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Market disconnect blamed for rising food prices

NAIROBI, Kenya, Apr 25- As food prices continue to soar sparking demonstrations in some parts of Africa, agricultural experts are blaming the situation squarely on the poor market linkages that exists within in the continent.

Alliance for Commodity Trade in Eastern and Southern Africa (ACTESA) boss Cris Muyunda said that the disconnect that exists within markets particularly those in the COMESA region have seen some people grapple with skyrocketing prices while farmers in other parts are selling their produce at a throw away price.

“The market issue remains a major problem because farmers are producing; there is a lot of bumper harvest and yet, (food) access continues to be a major issue for majority of COMESA countries,” he said.

The region is estimated to have a 1.2 million tonnes surplus of maize yet countries such as Kenya often report a maize shortage that lead in a spike in maize flour prices.
These structural inefficiencies have meant that farmers in the region are unable to benefit from a global rise in commodity prices.

Crops such as cotton are for instance enjoying rising prices with a pound of cotton lint selling for $2, which is the highest it has ever been.

The Chief Executive Officer of the specialised agency that is mandated with integrating small farmers in COMESA member states into the national, regional and international markets, however said this calls for COMESA countries to develop and link national commodity exchanges which would ensure food availability across the region.

“It is important that we work to expand the commodity exchanges and integrate them so that a farmer sitting in Malawi can be able to sell his produce to for instance the Zambian market,” the CEO said.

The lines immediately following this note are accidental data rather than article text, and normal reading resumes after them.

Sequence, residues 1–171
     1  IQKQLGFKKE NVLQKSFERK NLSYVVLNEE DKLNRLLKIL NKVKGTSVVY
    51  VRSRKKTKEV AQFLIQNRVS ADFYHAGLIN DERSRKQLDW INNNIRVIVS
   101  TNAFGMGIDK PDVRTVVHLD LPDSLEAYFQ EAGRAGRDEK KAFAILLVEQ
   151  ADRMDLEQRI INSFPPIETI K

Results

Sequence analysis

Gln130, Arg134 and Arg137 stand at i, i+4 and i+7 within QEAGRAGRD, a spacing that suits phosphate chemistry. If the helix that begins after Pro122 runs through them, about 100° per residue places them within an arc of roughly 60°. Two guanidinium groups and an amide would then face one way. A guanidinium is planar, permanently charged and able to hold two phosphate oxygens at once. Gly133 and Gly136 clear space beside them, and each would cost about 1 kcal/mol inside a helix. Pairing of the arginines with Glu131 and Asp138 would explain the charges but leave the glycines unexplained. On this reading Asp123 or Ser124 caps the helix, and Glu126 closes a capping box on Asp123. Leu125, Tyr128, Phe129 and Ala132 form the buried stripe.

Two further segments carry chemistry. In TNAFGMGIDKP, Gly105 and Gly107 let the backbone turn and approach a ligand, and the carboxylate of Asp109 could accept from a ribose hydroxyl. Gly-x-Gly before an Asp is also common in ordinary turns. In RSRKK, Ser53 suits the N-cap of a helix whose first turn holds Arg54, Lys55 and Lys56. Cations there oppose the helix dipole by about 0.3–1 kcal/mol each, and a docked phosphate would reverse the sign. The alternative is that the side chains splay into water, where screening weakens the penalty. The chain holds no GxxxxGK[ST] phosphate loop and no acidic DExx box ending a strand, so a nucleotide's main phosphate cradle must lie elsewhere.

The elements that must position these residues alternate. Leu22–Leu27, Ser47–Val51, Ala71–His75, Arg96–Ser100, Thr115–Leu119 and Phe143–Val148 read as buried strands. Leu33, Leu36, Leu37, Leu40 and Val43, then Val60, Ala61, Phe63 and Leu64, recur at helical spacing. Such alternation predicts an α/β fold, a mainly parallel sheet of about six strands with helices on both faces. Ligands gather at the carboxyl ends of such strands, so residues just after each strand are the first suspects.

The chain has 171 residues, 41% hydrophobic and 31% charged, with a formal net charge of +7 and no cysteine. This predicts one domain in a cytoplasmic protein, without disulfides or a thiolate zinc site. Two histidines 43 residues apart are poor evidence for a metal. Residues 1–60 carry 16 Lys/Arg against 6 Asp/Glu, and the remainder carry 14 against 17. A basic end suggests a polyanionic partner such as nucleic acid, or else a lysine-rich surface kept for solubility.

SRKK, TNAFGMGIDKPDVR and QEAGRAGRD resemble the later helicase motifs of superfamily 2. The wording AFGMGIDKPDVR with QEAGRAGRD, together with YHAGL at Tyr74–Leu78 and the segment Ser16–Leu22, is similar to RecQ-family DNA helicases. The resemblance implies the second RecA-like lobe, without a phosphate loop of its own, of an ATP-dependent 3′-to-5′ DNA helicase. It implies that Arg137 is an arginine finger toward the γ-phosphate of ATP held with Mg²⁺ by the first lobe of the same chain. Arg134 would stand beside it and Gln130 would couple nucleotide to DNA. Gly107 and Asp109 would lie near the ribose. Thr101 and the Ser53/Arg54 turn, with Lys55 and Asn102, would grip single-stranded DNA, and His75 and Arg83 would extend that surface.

Commodity exchanges and warehouse receipts are some of the instruments that have been identified as mechanisms that can help move smallholder farmers in the region from subsistence farming to commercial agriculture.

However, despite the identified benefits of these innovative measures, many COMESA member states are yet to establish them which further exacerbate the food problem in the region.
Mr Muyunda however said that governments need to provide the requisite framework that enables the farmers to produce for the integrated market comprising of 400 million people.

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“Your being able to expand access to your commodities is very crucial. But the problem has in some cases been that our domestic markets are very small. It is therefore that when farmers are producing, they produce for with the 400 million people in mind. They should know what you have produced and they should be able to buy it,” he challenged.

These efforts, he added should be tempered with provision of market information on agricultural products. This is in addition to the building of adequate and efficient infrastructure to ensure a free flow of these products.

On its part, the alliance said it was developing a strategy that will complement all these efforts that were taking place at the national level.

The strategy will guide its operations for the next 10 years but focus and a $125million budgeting have been placed on the first five years.

The development of the guideline was prompted by the realisation that trade levels in agricultural commodities among the members as well as poverty levels in the region are still at unacceptable levels and thus the need to come up with a plan that hopefully will address this situation.

“This strategy will focus on promoting a number of key commodities as well as a number of several policy reforms,” Mr Muyunda explained.

In addition, through the plan, ACTESA will focus on the creation of key market institutions in a bid to increase trade among these crops.

“The last bit will be to work on the capacity building programmes for the players such as farmers, processors and traders,” he added.

Within the five years, they agency targets to increase export trade within the region by about 30 percent.

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